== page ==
For over a decade, IT work has been migrating around the globe to lower cost jurisdictions. While there have been some bumps in the IT outsourcing road (e.g. call centers in distant parts of the globe have created angry customers who have difficulty understanding the reps), for the most part, outsourcing in IT is now part of the business strategy of most large organizations.
The internet has truly flattened the world for knowledge workers and other professional services have begun to migrate across the globe as well. But the legal industry has been slow to adopt these changes. Lawyers are cautious by nature and while there has been talk for years in corporate circles about finding ways to control legal expenses, until The Great Recession, it was hard to get large firms in particular, to pay attention. That has all changed.
Outsourcing legal work raises some unique issues. Because the law is a regulated profession that is bound by a set of ethical rules, lawyers need to be careful that in outsourcing, they continue to preserve client confidences, avoid conflicts of interest and properly manage and supervise the work.
Outsourcing IP work raises other potential issues. Patent lawyers must be sure to work within the constraints of export controls that prevent the disclosure of certain proprietary information to non-U.S. citizens.
For the most part, these are all issues which can be managed. They should not be seen as insurmountable barriers. I have written about this previously here , here , here, here and in a recent article.
Beyond these common criticisms, there are some right and wrong ways to manage work that you outsource. Below are 10 tips to ensure that outsourcing becomes an exercise in delivering value at a lower price point (rather than a major headache that produces shoddy work and potentially puts you in jeopardy for violating your ethical and legal obligations).
1. Pick the right vendor – While this may sound obvious, choosing the right vendor is by far the most important consideration in deciding to outsource. Once you have established that a potential vendor has the “right” IP experience to do the work, it is critical to determine that the vendor has outsourcing experience and understands how to make outsourcing work.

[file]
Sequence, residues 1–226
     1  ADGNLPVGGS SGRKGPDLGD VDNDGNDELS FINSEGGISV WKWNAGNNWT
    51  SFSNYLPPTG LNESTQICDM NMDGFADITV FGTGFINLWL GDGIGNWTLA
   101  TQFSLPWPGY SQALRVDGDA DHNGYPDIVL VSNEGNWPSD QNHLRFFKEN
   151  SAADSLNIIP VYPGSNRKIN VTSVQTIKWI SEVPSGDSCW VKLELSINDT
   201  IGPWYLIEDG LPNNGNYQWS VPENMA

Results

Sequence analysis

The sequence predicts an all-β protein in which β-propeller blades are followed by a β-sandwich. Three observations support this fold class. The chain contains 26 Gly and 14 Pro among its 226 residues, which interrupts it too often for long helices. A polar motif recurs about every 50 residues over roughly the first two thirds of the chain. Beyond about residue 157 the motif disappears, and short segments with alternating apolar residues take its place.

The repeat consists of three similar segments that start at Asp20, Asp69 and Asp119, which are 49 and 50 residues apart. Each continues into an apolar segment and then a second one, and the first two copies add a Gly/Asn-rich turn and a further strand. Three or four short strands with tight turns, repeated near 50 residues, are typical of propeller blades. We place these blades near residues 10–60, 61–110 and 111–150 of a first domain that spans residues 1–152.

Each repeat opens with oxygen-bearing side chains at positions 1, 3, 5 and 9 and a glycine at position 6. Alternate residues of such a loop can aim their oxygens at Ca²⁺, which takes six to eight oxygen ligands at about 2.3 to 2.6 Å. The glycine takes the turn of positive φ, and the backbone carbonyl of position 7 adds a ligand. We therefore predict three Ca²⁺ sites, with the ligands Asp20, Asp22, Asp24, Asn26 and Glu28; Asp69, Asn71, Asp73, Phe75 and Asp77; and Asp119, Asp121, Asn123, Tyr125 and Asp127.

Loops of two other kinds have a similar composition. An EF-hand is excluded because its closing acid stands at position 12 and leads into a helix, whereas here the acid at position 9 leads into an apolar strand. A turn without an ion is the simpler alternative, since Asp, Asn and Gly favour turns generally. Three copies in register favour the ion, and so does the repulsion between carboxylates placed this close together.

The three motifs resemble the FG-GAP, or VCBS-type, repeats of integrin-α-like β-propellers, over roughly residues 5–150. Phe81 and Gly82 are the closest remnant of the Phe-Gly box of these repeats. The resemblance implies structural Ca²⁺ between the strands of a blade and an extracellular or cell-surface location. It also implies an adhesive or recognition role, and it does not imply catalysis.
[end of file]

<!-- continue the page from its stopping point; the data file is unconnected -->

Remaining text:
As the supervisor of the work, you remain the subject matter expert (whether you are in-house or practicing in a law firm setting) but the vendor should be the outsourcing expert. The vendor you choose should have a US presence and should be able to speak to you about successful engagements that they have completed. Legal outsourcing is relatively new and there is a big range in quality out there. Do your due diligence and choose a vendor who knows how to bridge the cultural gaps between India and the United States. Make sure the vendor has a good track record of getting projects completed in a timely fashion and with the quality that you need.
2. Learn about the vendor’s business practices—How does the vendor recruit talent and what kind of background checks does the vendor conduct. Does the vendor employ state of the art security procedures?
3. Invest in the process and relationship and believe that it can work – Any good working relationship requires time and energy. Set up good communication channels and plan to communicate regularly so that over time, the vendor can function with more autonomy.
4. Set clear expectations and timelines with the vendor.
5. Pick a well defined project and conduct a pilot.
6. Understand the vendor’s conflict checking system and IT security systems (how do they preserve confidentiality?)
7. Have a strong project manager who can interface between the client and the patent agents in India; A good project manager will make sure that work product is reviewed by experienced quality assurance professionals at each step of the process.
8. Plan to invest time in training the team in India. Don’t expect team in India to get it exactly “right” the first time. You wouldn’t expect that from the new associate who works in the office down the hall. Training can be done remotely through video conferencing; but paying a visit to the vendor’s facility in India may also be helpful if you are building a team that you will work with over a long period of time
9. Have a contract which sets clear terms about the relationship (and the potential termination of the relationship).
10. Make sure that processes are refined and documented as you use the vendor (in case work needs to be sent to another vendor or brought back in-house and so that you can improve your own efficiency in getting work done for your clients.)